The monitor 49 monitors the success of the implemented remedies. In order to do this, for each alarm it obtains data on traffic in the neighbourhood of the alarm at periodic intervals and monitors trends in traffic in relation to the implemented remedies. It also obtains traffic data from the simulated traffic knowledge sources 42, 43 and 44 for traffic under normal circumstances and compares this traffic data with actual traffic data in order to assess the effectiveness of the implemented remedies.
The user interface 51 comprises a display screen, keyboard and associated software. It can display the available routes between a given origin exchange and a given destination exchange. These exchanges may be located in foreign countries or within the national network associated with the international network 10. It can display both actual traffic data and also simulated traffic data for a given scenario. It also displays the alarms found by the identifier 45 and as listed by the prioritiser 46, the problems determined by the diagnoser 47 and the remedies proposed by the resolver 48. It also displays the results of the monitoring activity performed by the monitor 49.
The present invention has been described with reference to the international network 10, which connects the national network of the country in which the international network 10 is situated with telecommunications networks in other countries. However, the present invention is not limited to use with this type of network. It may also be used for managing traffic between the individual exchanges of a telecommunications network situated in a particular territory.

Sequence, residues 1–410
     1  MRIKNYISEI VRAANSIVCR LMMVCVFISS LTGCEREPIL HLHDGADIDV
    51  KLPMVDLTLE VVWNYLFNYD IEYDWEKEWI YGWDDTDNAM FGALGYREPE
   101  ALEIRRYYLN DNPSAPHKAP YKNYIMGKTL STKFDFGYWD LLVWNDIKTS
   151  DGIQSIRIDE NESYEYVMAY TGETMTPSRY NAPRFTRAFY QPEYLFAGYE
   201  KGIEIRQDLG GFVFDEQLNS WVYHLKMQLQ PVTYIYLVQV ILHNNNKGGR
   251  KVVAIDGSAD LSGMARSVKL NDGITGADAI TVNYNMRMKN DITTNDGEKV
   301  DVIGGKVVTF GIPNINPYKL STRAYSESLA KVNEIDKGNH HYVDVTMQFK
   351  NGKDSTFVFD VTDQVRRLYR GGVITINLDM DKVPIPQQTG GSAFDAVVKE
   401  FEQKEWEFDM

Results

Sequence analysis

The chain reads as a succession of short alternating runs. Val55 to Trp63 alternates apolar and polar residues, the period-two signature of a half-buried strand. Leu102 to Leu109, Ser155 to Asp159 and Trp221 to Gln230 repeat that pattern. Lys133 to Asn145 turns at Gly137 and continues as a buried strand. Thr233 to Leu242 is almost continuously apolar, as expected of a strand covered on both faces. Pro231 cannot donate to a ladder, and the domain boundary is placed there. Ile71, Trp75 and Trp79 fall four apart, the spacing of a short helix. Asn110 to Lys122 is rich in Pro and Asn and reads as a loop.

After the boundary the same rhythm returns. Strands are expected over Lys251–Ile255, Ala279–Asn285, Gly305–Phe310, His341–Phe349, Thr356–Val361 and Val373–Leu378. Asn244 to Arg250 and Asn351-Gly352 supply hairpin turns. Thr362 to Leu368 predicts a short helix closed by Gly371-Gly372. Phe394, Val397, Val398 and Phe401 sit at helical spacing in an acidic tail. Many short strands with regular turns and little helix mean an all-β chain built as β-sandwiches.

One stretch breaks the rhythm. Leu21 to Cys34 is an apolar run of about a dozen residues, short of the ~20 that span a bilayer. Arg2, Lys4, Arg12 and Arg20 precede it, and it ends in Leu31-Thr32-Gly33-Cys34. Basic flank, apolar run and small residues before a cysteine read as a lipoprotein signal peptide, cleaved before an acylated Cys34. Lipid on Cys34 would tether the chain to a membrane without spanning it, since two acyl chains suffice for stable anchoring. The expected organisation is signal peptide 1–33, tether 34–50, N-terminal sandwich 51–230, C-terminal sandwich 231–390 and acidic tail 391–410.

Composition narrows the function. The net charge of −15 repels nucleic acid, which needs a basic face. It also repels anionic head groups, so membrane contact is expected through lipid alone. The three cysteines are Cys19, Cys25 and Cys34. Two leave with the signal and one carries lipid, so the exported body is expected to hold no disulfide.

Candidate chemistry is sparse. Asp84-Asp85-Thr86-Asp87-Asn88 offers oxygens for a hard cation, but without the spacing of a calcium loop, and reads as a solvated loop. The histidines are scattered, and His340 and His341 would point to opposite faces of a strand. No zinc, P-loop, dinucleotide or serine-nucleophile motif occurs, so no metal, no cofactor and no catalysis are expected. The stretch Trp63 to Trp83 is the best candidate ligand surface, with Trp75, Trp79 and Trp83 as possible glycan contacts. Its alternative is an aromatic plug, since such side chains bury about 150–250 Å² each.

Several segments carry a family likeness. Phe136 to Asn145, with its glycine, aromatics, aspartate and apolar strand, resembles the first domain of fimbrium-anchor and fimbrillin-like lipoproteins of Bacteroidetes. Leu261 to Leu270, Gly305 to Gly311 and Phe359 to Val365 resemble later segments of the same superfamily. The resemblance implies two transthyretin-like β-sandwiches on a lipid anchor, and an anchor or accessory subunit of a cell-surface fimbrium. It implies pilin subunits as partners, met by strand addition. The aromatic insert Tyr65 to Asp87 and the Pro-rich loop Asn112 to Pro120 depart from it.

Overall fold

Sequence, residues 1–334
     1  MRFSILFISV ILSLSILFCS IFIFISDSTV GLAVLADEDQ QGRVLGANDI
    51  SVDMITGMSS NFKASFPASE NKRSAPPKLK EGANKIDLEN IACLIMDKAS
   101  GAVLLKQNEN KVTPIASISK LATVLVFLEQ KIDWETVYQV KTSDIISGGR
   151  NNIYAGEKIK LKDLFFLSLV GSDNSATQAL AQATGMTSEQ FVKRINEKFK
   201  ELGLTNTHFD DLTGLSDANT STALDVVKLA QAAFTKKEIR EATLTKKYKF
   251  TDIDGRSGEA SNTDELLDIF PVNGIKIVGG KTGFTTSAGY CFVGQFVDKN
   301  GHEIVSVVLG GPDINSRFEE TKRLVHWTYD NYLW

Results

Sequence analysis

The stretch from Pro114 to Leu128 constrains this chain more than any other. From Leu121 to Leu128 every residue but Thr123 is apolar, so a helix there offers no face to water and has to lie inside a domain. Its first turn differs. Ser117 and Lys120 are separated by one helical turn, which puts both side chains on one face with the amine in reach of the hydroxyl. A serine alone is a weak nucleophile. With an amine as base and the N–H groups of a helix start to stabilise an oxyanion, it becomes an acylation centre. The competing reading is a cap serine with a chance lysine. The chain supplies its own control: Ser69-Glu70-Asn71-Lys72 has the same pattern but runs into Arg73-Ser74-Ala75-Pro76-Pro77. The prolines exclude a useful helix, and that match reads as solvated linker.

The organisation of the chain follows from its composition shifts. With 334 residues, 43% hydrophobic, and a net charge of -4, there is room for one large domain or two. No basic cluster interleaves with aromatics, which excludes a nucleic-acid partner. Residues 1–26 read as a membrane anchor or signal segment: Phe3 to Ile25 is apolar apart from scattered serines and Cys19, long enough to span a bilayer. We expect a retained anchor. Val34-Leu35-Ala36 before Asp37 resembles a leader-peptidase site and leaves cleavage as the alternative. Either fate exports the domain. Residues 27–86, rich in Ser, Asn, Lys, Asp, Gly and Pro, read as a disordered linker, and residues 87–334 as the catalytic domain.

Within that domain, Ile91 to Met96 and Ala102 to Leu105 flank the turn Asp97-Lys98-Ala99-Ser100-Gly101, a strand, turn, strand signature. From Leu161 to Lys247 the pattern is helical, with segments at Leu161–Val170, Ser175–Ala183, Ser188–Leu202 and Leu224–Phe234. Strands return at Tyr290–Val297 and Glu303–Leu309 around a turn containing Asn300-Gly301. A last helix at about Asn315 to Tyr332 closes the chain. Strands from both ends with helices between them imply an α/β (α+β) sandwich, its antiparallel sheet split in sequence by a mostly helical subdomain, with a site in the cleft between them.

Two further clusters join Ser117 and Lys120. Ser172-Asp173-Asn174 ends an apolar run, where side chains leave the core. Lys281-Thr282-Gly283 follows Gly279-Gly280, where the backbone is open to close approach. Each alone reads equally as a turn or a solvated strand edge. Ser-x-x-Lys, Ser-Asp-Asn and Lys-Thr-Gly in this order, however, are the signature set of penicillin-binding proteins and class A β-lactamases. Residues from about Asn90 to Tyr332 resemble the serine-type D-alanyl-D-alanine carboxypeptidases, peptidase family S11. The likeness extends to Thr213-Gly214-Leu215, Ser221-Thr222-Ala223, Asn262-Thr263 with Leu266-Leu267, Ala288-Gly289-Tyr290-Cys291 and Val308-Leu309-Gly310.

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|U.S. Classification||379/133, 370/237, 379/33, 379/14, 379/9, 379/134, 379/14.01, 379/136|
|International Classification||H04Q3/00, H04Q3/66|
|Cooperative Classification||H04Q2213/13522, H04Q3/66, H04Q3/0075, H04Q2213/13521|
|European Classification||H04Q3/66, H04Q3/00D4F|
|20 Apr 1994||AS||Assignment|
Owner name: BRITISH TELECOMMUNICATIONS PUBLIC LIMITED COMPANY,
Free format text: ASSIGNMENT OF ASSIGNORS INTEREST;ASSIGNORS:BASSA, PAUL ANTHONY;ISAAC, JOSEPH JAMES;REEL/FRAME:006967/0213
Effective date: 19940328
|18 Mar 1999||FPAY||Fee payment|
Year of fee payment: 4
|11 May 1999||REMI||Maintenance fee reminder mailed|
|17 Oct 2003||LAPS||Lapse for failure to pay maintenance fees|
|16 Dec 2003||FP||Expired due to failure to pay maintenance fee|
Effective date: 20031017